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"Would you like a kiss?.....",
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This review is from: Malice @ Doll [DVD] (DVD)
Malice @ Doll is set in a future society where mankind has managed to wipe itself out, leaving behind the mechanical beings who existed to serve. Without clients to service, the robot prostitute `dolls' in a large brothel are starting to slowly break down and experience spurious mutations of their programming. Essentially trapped in the building as the security robot now kills anything it sees as it patrols the corridors, one of the dolls, Malice, has something of an epiphany when she finds herself waking up human.
Feeling emotion and getting used to the warmth of her new body, Malice discovers that by kissing her fellow robotic housemates she is able to bring them to life too. But this isn't the start of a new Eden, the transformation isn't always a successful one.
The film is completely CGI and the artwork doesn't compare that well to more recent CGI features - however it certainly isn't poor and doesn't deserve the criticism I've seen. It is jerky and at times you can tell that sequences are being repeated in a loop, but it has a distinctive look and the visual scope is ambitious with monster-esque robots and a strangely gothic feel. The DVD transfer itself is poor - the conversion struggles with the unclean source material and there is plenty of noise and evidence of compression. This doesn't ruin the film but it does distract at times. There's no dub on the disk, which doesn't bother me as I prefer the original soundtrack - but you get the impression that the subtitles have been rushed. The DVD offers the film in both 4:3 and 16:9 aspect ratios.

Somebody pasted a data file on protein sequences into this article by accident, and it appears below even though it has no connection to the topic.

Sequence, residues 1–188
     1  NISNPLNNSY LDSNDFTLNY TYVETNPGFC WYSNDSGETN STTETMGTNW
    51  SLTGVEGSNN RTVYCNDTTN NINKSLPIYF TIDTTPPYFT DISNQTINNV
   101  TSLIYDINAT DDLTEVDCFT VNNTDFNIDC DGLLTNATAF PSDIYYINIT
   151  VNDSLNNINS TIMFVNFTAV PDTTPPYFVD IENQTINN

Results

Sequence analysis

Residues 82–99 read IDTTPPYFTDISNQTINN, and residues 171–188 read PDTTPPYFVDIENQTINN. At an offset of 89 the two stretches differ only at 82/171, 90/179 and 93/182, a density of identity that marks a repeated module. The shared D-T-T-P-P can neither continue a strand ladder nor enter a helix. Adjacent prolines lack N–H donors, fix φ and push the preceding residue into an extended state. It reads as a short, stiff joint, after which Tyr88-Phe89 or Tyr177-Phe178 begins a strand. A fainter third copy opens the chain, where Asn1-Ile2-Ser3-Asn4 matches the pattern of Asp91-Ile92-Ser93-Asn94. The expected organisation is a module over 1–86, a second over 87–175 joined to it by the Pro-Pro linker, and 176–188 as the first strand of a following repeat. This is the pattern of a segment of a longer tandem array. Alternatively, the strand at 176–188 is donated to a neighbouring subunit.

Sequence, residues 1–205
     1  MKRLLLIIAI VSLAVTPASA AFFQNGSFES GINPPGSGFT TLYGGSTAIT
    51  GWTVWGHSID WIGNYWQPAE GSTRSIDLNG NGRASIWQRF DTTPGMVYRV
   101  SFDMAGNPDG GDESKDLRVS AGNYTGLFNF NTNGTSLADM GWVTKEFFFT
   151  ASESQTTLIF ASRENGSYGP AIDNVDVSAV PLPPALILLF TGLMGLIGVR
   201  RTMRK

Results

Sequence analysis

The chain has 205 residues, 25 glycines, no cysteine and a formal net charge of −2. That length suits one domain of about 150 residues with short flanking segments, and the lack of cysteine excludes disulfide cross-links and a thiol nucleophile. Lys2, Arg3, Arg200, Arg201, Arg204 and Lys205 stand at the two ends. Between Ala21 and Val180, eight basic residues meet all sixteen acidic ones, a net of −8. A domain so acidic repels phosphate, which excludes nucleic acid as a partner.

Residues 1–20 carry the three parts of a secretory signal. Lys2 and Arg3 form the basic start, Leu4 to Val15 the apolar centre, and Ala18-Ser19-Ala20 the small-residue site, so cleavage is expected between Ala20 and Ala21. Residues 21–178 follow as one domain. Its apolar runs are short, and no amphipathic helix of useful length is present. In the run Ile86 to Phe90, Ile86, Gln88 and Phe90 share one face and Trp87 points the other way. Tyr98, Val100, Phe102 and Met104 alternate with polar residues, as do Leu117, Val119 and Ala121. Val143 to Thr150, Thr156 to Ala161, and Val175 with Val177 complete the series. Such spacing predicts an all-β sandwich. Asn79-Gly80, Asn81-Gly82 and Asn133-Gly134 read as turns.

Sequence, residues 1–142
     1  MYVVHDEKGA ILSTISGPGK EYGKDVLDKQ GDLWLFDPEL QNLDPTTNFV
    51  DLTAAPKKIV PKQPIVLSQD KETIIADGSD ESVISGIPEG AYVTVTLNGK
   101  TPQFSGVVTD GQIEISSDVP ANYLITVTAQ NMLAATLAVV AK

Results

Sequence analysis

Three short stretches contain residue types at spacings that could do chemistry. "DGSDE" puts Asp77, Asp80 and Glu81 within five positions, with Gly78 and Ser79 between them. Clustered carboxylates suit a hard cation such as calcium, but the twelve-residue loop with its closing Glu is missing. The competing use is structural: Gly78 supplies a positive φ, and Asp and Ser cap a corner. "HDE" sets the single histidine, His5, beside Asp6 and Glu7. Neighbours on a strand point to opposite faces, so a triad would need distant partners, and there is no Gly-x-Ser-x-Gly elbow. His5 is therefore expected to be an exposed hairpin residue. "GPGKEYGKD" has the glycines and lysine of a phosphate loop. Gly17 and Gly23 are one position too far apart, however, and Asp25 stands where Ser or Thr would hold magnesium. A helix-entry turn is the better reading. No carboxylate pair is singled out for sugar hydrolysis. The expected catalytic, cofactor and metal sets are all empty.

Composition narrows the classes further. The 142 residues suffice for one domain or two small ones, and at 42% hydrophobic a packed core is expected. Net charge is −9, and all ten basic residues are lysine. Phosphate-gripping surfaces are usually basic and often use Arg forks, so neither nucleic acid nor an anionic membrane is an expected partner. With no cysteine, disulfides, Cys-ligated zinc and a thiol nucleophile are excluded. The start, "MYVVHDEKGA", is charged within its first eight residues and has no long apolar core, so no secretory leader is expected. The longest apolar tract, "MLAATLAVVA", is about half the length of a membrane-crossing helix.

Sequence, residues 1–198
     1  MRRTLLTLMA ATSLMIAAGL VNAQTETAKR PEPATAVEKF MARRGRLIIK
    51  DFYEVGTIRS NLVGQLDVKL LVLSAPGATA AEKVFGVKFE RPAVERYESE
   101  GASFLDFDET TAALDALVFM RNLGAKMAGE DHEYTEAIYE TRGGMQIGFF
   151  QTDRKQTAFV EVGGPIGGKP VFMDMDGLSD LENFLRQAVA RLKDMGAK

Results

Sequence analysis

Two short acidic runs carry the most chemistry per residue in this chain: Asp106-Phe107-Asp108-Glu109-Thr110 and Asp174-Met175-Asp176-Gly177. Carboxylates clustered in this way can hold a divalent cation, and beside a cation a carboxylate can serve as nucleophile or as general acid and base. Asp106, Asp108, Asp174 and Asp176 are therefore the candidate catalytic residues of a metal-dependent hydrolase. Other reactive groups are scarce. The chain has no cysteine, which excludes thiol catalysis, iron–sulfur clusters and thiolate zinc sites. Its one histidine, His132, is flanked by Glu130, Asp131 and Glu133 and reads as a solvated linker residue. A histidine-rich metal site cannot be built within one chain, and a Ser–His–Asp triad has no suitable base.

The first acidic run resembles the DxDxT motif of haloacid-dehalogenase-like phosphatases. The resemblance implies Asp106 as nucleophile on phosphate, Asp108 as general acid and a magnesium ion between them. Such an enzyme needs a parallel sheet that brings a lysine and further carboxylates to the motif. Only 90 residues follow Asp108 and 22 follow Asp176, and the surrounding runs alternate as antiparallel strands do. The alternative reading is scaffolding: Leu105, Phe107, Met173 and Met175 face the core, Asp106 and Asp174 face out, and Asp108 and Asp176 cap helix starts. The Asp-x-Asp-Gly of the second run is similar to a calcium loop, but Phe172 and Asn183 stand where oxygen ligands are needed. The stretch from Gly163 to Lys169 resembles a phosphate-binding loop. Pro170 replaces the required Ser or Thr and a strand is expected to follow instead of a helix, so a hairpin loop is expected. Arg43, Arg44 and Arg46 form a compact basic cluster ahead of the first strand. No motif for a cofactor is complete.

This is an 18 certificate film, but those expecting to see a generous amount of sexual content should look elsewhere. Other than a classic Japanese `tentacle scene', the film concentrates more on the sexuality of mankind rather than the actual sex. The DVD box with "uncut" prominently displayed is an attempt to sell this as something it is not, it's a dark fairytale - not hentai. The story itself is often confusing and risks become boring at some stages, it's a film which benefits from a second viewing - you appreciate it more once you know the overall story and aren't trying to piece everything together. It's only slightly subversive cinema, at times it is quite touching and there's a suggestion that the Dolls are capable of emotion and ambition before they truly come alive, a startling thought when you consider that these poor beings were used simply as tools to satisfy the desire of their creators.
In a nutshell: A surreal film worthy of a watch but it's not going to be considered a classic. The themes and overall concept promise so much but they aren't explored as well as they could.